Ambiguity

When I last met sister,
her reality was a Kafkaesque,
disjointed, dysfunctional,
nightmare that gave me no
respite, rest, recess, I wanted
to let her pain sink in, empathize,
or at least sympathize, she lay on
a park bench, muttering, stuttering,
stammering, falling short,
“I’m…just…a…fucking…w..aste
of vo..lu..me,” she said Prozac
ridden, her hazy eyes,
speaking more than prescription,
“Turn…me…d..o..w..n, s..t..a..t..i..c,”
she said, but I couldn’t leave her
in that weedy reality, riddled with scraps,
paunched men staring at her
like she was a whore, ready to prance,
pounce, prey, and that litter stinks more
than the debris in the outskirts
of this seemingly cosmopolitan, dark
eye-liner, dark red lipshade façade
that only people who know India smell,
and you can call it a messiah complex,
a Jack Shephard need to save, and yes,
I have a similar tattoo on my arm, or a
pseudo-Samaritan need to fake-help,
or just love, but I picked her up, despite
my nonchalance which soon splintered
into tears, a heart of shattered stars,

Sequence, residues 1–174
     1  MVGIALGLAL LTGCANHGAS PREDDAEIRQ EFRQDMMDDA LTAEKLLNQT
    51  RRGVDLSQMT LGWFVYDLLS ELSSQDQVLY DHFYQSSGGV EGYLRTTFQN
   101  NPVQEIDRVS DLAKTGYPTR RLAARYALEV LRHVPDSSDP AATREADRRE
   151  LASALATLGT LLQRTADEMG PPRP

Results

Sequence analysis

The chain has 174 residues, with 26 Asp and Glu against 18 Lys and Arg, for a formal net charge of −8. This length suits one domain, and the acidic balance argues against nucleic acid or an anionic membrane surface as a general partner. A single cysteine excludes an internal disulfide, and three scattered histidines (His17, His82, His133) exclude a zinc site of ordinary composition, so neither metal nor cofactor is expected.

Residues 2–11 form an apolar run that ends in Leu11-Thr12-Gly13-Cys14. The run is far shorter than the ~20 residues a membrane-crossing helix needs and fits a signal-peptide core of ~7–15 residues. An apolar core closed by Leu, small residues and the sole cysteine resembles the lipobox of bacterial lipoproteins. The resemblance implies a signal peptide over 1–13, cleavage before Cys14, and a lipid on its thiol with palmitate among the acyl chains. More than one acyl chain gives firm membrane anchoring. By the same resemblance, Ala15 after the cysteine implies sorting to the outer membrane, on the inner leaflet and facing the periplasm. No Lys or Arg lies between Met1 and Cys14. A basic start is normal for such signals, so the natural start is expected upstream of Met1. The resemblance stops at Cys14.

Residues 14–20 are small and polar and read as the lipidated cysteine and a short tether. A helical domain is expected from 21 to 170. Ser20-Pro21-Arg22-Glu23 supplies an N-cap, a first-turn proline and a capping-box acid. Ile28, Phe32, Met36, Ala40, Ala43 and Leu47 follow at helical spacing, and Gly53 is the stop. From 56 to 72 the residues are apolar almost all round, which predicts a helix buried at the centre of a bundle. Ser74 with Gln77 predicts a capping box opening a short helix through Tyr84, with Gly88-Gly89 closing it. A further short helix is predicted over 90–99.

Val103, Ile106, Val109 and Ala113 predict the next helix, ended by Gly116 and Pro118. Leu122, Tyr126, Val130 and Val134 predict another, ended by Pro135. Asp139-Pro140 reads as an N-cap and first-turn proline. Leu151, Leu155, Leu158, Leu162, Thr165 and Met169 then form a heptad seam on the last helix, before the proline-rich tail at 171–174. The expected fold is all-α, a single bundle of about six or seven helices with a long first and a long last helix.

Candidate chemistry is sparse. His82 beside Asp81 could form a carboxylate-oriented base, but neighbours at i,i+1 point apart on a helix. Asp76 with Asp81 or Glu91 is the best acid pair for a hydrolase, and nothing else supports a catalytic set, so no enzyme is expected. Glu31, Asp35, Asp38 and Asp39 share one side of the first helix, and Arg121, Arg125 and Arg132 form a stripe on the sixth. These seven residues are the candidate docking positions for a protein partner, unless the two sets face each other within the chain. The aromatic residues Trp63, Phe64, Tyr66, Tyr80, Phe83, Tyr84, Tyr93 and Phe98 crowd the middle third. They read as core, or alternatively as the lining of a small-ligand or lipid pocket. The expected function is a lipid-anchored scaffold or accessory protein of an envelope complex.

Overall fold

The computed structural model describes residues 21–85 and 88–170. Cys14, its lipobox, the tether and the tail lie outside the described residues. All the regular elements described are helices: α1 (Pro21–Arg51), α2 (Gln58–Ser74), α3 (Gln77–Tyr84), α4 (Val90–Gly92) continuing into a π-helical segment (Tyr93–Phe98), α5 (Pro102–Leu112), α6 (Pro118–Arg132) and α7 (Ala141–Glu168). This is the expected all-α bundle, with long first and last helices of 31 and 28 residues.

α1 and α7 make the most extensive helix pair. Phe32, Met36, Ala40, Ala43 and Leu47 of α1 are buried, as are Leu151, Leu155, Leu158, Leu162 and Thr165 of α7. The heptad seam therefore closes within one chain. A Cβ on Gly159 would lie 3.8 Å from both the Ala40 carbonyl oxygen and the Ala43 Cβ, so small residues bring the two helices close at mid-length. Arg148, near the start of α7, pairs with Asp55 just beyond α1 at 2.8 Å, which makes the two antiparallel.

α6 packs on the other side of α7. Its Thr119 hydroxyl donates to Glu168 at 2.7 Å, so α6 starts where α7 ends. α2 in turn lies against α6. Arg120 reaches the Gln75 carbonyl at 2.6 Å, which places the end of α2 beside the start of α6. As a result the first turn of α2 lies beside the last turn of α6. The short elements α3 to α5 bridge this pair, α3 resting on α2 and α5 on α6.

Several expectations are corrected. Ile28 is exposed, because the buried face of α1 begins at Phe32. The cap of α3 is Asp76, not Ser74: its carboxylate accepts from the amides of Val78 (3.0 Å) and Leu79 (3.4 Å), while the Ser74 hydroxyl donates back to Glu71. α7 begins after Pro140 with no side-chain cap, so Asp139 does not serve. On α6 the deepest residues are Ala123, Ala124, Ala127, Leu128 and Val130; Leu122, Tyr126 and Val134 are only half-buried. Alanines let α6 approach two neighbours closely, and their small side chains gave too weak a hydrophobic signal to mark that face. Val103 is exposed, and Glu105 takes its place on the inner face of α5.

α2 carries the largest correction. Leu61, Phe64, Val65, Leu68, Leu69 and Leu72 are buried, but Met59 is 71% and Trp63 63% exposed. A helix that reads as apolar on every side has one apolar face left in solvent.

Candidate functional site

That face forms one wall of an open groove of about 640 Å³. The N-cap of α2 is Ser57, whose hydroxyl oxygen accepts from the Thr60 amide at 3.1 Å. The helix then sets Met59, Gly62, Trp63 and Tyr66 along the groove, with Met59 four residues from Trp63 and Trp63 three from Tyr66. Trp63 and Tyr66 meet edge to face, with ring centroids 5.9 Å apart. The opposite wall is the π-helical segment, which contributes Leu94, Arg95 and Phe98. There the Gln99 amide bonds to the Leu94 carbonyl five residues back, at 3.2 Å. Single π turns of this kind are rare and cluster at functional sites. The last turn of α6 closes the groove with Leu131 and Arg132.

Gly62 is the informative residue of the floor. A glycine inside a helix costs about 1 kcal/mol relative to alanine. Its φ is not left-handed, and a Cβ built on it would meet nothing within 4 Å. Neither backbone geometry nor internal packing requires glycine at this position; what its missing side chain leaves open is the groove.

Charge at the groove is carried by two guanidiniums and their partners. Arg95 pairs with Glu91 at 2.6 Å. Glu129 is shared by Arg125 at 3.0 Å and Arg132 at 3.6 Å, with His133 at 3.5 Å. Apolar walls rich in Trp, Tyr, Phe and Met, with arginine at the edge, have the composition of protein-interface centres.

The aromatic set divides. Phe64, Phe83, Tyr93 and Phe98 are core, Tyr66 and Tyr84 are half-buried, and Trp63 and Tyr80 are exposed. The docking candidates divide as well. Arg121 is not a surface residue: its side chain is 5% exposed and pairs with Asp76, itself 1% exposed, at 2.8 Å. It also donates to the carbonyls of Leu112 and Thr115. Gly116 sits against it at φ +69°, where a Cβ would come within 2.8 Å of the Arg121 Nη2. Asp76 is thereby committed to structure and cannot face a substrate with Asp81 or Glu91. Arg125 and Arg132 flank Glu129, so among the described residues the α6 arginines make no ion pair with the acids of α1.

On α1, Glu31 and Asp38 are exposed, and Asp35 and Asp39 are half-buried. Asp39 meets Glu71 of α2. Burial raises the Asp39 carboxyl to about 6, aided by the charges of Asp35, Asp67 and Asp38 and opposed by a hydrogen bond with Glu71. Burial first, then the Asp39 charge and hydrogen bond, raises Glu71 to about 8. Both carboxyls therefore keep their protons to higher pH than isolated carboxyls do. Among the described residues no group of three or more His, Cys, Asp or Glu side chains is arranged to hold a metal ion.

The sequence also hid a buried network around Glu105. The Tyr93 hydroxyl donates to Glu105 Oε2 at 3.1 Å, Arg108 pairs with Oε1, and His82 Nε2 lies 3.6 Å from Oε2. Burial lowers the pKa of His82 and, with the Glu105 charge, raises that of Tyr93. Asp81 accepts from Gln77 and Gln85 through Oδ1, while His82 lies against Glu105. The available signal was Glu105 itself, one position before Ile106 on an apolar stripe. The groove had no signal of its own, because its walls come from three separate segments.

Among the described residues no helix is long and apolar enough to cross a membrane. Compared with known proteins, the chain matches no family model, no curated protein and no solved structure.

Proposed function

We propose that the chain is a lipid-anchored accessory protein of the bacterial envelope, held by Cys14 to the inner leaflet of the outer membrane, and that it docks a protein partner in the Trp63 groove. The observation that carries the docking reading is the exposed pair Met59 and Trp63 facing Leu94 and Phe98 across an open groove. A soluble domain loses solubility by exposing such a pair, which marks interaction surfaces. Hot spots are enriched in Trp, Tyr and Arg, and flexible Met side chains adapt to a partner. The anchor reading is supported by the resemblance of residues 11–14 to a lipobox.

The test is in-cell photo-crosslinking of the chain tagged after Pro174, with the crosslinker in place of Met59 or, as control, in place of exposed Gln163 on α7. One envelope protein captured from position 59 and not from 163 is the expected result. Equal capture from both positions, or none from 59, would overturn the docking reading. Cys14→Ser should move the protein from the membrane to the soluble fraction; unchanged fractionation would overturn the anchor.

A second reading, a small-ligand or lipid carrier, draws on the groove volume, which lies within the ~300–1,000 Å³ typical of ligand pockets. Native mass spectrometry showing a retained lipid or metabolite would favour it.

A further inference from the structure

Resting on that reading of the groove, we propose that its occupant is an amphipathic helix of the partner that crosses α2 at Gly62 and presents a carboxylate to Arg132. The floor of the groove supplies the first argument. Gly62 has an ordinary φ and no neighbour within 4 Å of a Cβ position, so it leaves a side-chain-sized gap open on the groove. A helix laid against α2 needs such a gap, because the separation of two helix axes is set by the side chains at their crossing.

carried her home, with my little
lean muscle, and told her
there is no mute, or a tuneless
song, but a new dawn, day, a spark,
a speck of hope, and she listened,
drifting in and out of consciousness,
but soon walked away, dissipating, dissolving,
disappearing again, and I hope with all
my heart that she found a place
with her name engraved on a
good man’s heart, and not on
a pothole reeking of addiction,
where she’ll be a target without
a need for an aim, and that shakes,
splits my core, with a jagged,
rough-edged knife, because I may
never be able to save her again.

© Nitin Lalit Murali (2017)

Protected by Copyscape

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20 Comments

  1. I was truly moved reading the poem. Brothers like the speaker are truly hard to find!
    Thank you for sharing this. It’s a very emotive peice, and what I call ‘honest writing’. I have been very lucky to stumble upon three such honest writers today, you, Nandita and Ssameera.

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